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Tigon British Film Productions

From Wikipedia, the free encyclopedia

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Tigon British Film Productions or Tigon was a film production and distribution company, founded by Tony Tenser in 1966.

It is best remembered for its horror films, particularly Witchfinder General (directed by Michael Reeves, 1968) and The Blood on Satan's Claw (directed by Piers Haggard, 1971).[1] Other Tigon films include The Creeping Flesh, The Sorcerers and Doomwatch (1972), based on the TV series of the same name.[2]

A 1990s book by Andy Boot (Fragments of Fear) highlighted the importance of Tigon and Tony Tenser to the British horror genre but contained a number of factual errors, including the misidentification of a number of films as Tigon productions. This misidentification continues to this day.[3]


Tigon was based at Hammer House in Wardour Street, London, and released a wide range of films from sexploitation (Zeta One), to an acclaimed television adaptation of August Strindberg's Miss Julie (1972) starring Helen Mirren.[4][5] The largest part of its output, however, was made up by low-budget horror films in direct competition for audiences with Hammer Film Productions and Amicus Productions.

In February 2005, a DVD box set of Tigon films was released by Anchor BayUK. The box set contains only Witchfinder General, The Body Stealers, The Haunted House of Horror, The Blood on Satan's Claw, The Beast in the Cellar, and Virgin Witch, and consists of UK rather than US prints, in Region 2 – PAL format. Providing an audio commentary on a number of the films, as well as writing the productions notes, was the author and film critic John Hamilton.[6]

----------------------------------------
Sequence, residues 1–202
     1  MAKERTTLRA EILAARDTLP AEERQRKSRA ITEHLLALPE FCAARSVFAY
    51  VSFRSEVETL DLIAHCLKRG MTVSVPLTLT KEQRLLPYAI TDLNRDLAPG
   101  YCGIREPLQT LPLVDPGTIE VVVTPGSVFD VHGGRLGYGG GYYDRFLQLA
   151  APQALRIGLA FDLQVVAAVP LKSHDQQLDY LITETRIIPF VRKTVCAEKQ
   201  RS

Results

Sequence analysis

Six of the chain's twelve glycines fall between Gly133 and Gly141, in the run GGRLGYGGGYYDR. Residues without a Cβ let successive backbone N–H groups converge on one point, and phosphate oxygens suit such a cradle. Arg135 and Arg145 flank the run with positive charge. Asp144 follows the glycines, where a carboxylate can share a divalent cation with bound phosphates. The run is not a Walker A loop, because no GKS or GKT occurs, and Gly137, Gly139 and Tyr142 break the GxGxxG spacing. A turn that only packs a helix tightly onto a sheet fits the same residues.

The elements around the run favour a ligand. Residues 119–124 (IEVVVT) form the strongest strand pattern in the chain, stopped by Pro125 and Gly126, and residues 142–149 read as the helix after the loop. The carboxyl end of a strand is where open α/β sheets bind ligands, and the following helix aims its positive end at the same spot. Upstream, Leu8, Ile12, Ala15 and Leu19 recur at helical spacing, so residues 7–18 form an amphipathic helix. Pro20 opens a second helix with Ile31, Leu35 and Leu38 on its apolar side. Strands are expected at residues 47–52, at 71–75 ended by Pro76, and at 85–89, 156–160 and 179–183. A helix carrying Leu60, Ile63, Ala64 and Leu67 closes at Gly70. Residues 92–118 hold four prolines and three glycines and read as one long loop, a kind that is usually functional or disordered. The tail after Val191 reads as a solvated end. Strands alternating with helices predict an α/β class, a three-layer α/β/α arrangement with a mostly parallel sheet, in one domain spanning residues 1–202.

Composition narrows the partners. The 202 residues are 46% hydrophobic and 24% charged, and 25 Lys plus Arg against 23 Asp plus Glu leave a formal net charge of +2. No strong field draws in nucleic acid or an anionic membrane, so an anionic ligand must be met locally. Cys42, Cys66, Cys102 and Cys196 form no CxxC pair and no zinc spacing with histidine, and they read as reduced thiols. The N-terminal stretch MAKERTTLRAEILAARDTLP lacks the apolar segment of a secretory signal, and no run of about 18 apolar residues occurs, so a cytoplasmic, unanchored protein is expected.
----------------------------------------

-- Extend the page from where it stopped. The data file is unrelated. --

The same year, FAB press in the UK published John Hamilton's biography of Tony Tenser, a comprehensive look at the career of Tigon's founder and the man dubbed "the Godfather of British Exploitation".[7] Hamilton had access to production files, diaries and personal correspondence, as well as recording a number of exclusive interviews with the likes of Vernon Sewell, Michael Armstrong, Christopher Lee, Ian Ogilvy and Peter Sasdy. He also recorded over 18 hours of interviews with Tony Tenser himself, all of which went to create an in-depth look not only at the making of the films but the machinations involved with running a film company. The book was critically acclaimed in a number of newspapers and magazines, including The New York Times and The Independent, as well as Film Review and SPFX (the latter dubbed it the "best single volume history ever written on British horror").

Hamilton has gone on to write a number of articles on Tigon film productions, published in magazines like The Darkside, Shivers and Little Shoppe of Horrors; in 2015, Hemlock Books published Tigon: Blood on a Budget, the author's look at the studio's horror and fantasy movies.[8]


Further reading

  • Boot, Andy. "The Terrors of Tigon" in his Fragments of Fear: An Illustrated History of British Horror Films . London & San Francisco: Creation Books, 1996, pp. 172–91.
  • Hamilton, John: "Beasts in the Cellar. The Exploitation Film Career of Tony Tenser". FAB press, Guildford, UK 2005
  • Hamilton, John: "Tigon. Blood on a Budget". Hemlock Books, Hailsham, E.Sussex. 2015.


  1. ^ "BFI Screenonline: Film Studios and Industry Bodies > Tigon British Film Productions".
  2. ^ "Tigon British Productions Ltd". BFI.
  3. ^ Newman, Kim (18 April 2011). Nightmare Movies: Horror on Screen Since the 1960s. A&C Black. ISBN 9781408805039 – via Google Books.
  4. ^ "Zeta One (Blu-ray) Salvation/Kino Lorber".
  5. ^ "Miss Julie (1972)". BFI.
  6. ^ "The Tigon Collection Review". Film @ The Digital Fix. 18 February 2005.
  7. ^ Hamilton, John (5 March 2019). Beasts in the cellar: the exploitation film career of Tony Tenser. FAB Press. OCLC 61849205.
  8. ^ "Hemlock Books".

External links

This page was last edited on 23 May 2021, at 12:46
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